“I saw him reading a technical book on engineering,” McPherson says, “and he’s produced singles by two bands, Bonsai Forest and Strawberry Switchblade. Now at least one of us understands what’s going on at that end of things.”

“Woody docs the sleeping for the band,” Bedford jokes, while pointing out that Woodgate did write “Sunday Morning.” McPherson mentions that everyone has taken a more active interest in writing – collaborating more than ever – and arranging.

“That’s part of the reason we’ve stayed together,” he explains. “There’s no pressure on any one person to think of a concept or do all the songs.” 


The piece of the Madness puzzle that’s fallen into place is vocalist and trumpet player Carl Smyth – best remembered by early American fans of the group as the zany seventh member, “Chas Smash.”

Smyth got involved with Madness as a friend whose dance antics and vocal hijinks (he’s the voice on “One Step Beyond”) were worked into the group. But he seemed something of a fifth (or in this case seventh) wheel; he doesn’t appear on the cover of the first album.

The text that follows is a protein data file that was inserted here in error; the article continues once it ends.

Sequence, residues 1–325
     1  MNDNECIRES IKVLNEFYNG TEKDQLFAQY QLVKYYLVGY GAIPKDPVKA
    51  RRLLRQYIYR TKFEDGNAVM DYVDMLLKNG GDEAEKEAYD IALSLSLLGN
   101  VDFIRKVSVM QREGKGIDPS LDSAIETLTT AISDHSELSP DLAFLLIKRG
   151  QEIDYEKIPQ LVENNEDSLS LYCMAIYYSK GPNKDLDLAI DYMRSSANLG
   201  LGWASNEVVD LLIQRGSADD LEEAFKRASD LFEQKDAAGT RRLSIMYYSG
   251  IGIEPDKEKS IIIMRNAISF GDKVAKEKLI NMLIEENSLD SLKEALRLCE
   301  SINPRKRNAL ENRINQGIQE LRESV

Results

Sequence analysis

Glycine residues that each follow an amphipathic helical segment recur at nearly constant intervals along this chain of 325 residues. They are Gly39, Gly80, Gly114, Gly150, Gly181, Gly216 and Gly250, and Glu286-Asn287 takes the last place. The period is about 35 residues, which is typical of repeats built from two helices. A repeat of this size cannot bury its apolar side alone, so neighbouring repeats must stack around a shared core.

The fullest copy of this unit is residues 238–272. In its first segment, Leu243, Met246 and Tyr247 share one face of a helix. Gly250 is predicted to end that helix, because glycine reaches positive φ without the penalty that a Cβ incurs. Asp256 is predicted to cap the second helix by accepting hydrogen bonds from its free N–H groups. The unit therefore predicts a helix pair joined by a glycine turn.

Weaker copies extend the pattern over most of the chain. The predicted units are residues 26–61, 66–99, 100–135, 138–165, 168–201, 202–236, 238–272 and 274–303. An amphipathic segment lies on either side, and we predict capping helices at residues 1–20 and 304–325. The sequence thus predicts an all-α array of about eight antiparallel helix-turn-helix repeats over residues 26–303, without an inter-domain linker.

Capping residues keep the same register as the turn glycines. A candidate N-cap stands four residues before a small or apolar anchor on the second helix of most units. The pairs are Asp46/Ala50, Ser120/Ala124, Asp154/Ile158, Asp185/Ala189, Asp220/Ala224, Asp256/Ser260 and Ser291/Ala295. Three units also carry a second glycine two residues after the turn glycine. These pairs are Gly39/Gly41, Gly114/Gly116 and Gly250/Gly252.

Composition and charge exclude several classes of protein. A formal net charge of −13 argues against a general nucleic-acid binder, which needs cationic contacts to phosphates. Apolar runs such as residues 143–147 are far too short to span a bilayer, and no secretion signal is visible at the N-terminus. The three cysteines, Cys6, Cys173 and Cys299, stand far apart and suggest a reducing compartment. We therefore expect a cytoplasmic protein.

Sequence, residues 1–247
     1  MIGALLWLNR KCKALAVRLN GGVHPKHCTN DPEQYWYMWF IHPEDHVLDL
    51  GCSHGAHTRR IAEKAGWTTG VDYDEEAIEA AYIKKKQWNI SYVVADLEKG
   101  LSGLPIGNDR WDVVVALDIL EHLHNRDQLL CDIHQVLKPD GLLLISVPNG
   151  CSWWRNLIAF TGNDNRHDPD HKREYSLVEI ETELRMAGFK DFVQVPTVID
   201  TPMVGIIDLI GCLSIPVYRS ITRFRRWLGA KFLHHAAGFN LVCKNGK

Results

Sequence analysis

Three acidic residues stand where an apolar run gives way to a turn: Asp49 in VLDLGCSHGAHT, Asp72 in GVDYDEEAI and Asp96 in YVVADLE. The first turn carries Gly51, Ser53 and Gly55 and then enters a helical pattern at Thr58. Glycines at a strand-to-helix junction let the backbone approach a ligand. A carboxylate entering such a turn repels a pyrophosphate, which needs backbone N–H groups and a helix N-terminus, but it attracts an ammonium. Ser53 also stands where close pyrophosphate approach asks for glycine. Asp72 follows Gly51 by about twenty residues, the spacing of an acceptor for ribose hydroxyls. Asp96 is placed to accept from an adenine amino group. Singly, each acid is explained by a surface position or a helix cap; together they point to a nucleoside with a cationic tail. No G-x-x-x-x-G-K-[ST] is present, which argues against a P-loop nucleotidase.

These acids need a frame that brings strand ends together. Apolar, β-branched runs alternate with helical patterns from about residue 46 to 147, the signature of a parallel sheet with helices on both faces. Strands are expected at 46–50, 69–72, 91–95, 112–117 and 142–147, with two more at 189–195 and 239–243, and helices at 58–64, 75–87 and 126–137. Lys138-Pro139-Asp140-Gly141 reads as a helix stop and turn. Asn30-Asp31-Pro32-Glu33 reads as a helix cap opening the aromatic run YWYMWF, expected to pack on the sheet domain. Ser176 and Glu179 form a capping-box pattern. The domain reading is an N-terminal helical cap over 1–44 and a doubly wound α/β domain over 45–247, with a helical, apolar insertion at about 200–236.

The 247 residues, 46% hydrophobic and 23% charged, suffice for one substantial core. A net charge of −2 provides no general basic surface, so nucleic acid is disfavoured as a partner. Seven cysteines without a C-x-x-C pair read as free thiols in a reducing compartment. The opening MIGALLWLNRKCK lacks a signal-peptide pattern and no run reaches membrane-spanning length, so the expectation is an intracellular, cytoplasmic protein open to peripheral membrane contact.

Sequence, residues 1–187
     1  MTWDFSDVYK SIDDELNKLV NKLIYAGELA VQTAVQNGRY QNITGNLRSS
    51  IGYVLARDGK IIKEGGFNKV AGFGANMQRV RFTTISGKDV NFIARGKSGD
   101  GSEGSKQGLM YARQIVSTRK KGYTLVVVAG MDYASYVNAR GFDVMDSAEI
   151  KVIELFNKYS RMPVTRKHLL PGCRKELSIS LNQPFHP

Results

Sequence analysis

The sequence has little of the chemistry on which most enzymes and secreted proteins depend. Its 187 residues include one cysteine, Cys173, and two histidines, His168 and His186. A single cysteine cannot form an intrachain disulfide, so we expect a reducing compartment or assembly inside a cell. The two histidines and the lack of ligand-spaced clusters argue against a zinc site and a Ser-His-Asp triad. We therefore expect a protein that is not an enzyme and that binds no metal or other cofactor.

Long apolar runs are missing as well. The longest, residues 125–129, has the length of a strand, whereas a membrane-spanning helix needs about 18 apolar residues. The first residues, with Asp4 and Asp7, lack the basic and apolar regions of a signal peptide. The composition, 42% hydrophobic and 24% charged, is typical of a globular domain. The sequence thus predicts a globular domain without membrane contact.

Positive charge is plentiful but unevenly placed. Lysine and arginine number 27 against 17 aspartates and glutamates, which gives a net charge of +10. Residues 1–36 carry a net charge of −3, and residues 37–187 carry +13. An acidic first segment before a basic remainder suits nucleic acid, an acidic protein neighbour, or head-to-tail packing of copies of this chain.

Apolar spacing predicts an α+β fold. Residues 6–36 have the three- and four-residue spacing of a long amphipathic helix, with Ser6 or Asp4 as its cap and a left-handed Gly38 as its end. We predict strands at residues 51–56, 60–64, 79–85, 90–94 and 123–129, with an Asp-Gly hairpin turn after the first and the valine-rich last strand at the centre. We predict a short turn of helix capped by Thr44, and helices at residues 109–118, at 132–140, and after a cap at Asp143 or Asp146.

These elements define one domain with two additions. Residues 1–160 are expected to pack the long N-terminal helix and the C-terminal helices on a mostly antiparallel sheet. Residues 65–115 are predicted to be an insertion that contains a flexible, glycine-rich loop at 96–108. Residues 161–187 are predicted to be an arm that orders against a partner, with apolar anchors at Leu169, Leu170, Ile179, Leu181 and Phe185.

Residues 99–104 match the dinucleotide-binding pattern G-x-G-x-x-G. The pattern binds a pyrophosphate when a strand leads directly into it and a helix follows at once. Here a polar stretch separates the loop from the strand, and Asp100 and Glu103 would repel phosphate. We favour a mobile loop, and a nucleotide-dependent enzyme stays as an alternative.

“There was a funny period just after One Step Beyond that Carl didn’t have much to do with,” McPherson says. “He was a member of the band, but he wasn’t really involved with anybody else – particularly me, because we’re both singers. We talked about it between ourselves, and it must have been strange for him; I think he felt he was sort of outside us, yet felt changing that would be pushing me out. He didn’t push his position ’cause he didn’t know what it was. But we decided that whoever had the right thing, be it words or music or singing, we’d do whatever seemed right.”

Smyth’s enthusiasm is evidently catching. “He’ll have a million ideas when we start talking about videos,” McPherson says, “another million when we’re getting things together for it, and when we’re actually doing it he’ll have a million more. It’s like he had something bottled up in him and suddenly the cork sprang out. He’s brilliant. We probably wouldn’t be here if he wasn’t like he was, because out of every million ideas come 10 really good ones.

“And he’s always thinking of dance routines we can do, or whatever. If things start flagging a bit, he’ll pick us up.”

Now known within the group as “Mr. Bosh,” Smyth reverted to his given name for songwriting credits. Since co-writing “Cardiac Arrest,” a hit single on Seven, Smyth has made several important contributions – notably co-writing “Our House” (“Carl lives in one very much like that,” Foreman says), “Tomorrow’s Just Another Day” and the current British single, “Wings of a Dove.”